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Urology. 2005 Feb;65(2):270-4.

Impact of vaginal surgery for stress urinary incontinence on female sexual function: is the use of polypropylene mesh detrimental?

Author information

1
Department of Urology, University of California, Los Angeles, Geffen School of Medicine, Los Angeles, California 90024, USA.

Abstract

OBJECTIVES:

To evaluate prospectively the impact of a distal urethral polypropylene sling on sexual function using a validated questionnaire. Suburethral slings are currently the most common anti-incontinence surgery performed. Although the use of polypropylene is safe and effective, concern exists that the presence of the material in the vagina may adversely affect sexual function.

METHODS:

A total of 29 patients agreed to participate in this prospective study. The patients were evaluated with the Female Sexual Function Index, a validated, 19-item questionnaire that assesses six domains of sexual function: desire, arousal, lubrication, orgasm, satisfaction, and pain. The questionnaires were administered at 6-month intervals during the follow-up visits.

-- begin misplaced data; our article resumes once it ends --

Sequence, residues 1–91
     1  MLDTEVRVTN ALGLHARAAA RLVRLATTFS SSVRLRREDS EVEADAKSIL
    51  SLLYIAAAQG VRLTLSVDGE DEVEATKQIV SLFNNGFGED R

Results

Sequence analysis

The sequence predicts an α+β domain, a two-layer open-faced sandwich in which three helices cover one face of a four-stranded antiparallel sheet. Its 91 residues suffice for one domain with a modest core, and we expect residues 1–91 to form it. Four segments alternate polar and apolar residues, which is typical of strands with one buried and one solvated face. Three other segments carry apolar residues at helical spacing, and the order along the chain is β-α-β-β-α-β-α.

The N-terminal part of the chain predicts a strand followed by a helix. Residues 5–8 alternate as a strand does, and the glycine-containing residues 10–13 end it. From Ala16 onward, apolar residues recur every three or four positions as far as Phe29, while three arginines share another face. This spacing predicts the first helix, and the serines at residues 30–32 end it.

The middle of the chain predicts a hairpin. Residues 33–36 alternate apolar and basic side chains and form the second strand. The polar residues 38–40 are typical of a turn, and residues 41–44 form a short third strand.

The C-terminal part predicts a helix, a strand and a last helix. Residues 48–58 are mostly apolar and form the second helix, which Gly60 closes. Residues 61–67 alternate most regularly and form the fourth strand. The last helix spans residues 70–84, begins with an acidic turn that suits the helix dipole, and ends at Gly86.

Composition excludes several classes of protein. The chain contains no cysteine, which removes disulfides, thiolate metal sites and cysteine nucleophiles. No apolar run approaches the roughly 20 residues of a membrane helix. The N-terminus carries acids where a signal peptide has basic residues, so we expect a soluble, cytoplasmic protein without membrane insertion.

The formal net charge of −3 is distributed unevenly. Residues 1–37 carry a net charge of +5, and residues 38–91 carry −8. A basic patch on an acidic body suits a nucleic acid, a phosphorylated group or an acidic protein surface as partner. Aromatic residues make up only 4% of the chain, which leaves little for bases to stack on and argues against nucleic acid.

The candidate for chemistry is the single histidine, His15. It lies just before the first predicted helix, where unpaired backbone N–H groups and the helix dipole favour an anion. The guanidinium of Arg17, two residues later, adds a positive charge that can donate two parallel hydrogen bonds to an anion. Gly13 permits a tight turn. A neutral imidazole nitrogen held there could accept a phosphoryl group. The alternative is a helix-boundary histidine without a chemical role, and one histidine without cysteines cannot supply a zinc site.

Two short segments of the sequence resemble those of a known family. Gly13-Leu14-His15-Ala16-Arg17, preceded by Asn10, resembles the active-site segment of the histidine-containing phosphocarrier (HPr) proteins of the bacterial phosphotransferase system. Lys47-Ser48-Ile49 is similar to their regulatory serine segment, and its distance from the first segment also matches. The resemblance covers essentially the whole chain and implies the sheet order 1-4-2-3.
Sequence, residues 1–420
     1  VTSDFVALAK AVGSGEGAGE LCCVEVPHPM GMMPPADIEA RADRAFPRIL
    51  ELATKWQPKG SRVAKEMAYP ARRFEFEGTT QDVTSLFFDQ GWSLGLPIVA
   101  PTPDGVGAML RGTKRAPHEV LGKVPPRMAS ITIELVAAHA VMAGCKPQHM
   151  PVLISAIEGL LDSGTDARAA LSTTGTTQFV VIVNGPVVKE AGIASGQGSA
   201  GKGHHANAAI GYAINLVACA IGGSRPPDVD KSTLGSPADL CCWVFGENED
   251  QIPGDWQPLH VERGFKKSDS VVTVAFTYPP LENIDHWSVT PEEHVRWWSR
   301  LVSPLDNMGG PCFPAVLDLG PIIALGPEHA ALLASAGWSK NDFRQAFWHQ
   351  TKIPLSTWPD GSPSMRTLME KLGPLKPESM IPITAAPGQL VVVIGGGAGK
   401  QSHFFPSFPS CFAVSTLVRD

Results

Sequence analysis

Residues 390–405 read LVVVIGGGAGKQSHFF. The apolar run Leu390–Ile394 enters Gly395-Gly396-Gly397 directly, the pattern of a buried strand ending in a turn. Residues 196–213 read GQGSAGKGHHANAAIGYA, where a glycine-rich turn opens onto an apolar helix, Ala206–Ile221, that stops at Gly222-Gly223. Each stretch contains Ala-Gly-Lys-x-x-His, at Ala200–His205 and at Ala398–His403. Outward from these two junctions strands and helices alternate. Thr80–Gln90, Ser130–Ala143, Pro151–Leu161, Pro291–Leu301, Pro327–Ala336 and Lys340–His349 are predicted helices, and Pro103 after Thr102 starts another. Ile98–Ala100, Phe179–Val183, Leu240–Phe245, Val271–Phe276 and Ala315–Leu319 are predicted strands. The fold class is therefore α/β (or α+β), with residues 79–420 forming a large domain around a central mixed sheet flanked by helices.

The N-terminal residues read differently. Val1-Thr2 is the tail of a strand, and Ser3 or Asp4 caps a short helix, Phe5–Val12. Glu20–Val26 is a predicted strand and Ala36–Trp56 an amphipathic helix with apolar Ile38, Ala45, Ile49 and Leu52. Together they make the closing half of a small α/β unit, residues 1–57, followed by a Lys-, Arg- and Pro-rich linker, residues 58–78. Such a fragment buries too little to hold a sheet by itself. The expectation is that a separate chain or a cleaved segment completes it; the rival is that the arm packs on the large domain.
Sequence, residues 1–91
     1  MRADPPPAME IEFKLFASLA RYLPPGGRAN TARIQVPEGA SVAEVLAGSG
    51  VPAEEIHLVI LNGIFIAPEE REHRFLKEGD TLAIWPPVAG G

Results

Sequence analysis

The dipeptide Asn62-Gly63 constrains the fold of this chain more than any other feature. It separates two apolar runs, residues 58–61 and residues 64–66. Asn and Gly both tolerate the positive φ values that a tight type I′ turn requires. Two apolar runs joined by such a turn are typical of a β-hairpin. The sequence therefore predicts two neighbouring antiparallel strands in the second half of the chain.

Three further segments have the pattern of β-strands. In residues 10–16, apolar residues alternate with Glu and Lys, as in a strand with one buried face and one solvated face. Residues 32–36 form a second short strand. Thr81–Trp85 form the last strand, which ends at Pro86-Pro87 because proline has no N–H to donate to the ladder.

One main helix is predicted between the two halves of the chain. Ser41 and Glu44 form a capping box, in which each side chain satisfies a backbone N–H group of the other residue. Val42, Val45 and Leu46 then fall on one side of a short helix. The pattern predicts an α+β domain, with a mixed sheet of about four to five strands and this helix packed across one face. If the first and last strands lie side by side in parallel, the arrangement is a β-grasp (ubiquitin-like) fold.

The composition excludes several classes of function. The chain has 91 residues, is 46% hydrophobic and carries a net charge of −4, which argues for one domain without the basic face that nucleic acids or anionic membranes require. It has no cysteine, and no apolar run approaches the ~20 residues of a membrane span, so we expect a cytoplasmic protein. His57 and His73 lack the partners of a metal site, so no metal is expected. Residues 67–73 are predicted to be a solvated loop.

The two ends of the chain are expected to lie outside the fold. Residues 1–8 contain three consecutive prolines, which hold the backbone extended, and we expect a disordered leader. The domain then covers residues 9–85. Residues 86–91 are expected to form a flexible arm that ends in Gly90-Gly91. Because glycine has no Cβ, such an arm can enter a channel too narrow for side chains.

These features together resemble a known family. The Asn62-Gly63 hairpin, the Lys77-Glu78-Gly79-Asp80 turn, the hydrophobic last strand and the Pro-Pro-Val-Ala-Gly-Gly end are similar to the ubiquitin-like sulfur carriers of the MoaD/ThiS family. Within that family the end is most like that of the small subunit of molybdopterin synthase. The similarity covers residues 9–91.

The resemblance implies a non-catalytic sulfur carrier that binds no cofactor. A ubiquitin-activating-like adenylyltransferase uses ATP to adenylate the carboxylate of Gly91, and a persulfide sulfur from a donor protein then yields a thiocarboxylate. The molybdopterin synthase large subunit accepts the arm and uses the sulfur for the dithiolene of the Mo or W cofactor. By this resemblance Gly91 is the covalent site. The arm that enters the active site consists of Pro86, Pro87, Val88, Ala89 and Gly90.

RESULTS:

The mean patient age was 52 years (range 38 to 72). The mean duration of follow-up was 19.4 months (range 7 to 37). No statistically significant difference was found in sexual function after placement of a distal urethral polypropylene sling. Of the 29 patients, 14% were not sexually active before or after surgery. No statistically significant difference was found between preoperative and postoperative desire, arousal, lubrication, orgasm, satisfaction, and pain.

CONCLUSIONS:

No change was found in overall sexual function in women undergoing placement of a mid to distal polypropylene urethral sling. Specifically, neither a deleterious effect nor statistically significant improvement was found in sexual desire, arousal, lubrication, orgasm, satisfaction, or pain compared with the preoperative baseline values.

PMID:
15708036
DOI:
10.1016/j.urology.2004.08.058
[Indexed for MEDLINE]

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